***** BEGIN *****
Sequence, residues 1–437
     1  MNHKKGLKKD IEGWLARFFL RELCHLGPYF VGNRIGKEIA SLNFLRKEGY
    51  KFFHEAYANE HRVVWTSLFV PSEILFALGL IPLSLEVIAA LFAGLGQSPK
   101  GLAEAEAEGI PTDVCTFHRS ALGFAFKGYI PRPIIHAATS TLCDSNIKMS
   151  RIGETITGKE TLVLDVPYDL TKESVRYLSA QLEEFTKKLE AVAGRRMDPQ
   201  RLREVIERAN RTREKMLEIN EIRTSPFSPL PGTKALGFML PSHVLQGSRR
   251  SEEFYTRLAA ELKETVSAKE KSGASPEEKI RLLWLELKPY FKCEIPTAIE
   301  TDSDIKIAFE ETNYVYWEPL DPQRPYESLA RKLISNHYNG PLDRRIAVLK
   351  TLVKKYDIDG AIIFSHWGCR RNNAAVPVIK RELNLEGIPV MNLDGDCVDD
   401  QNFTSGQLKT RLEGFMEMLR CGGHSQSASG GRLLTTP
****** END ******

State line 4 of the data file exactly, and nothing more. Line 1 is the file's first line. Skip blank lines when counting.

   101  GLAEAEAEGI PTDVCTFHRS ALGFAFKGYI PRPIIHAATS TLCDSNIKMS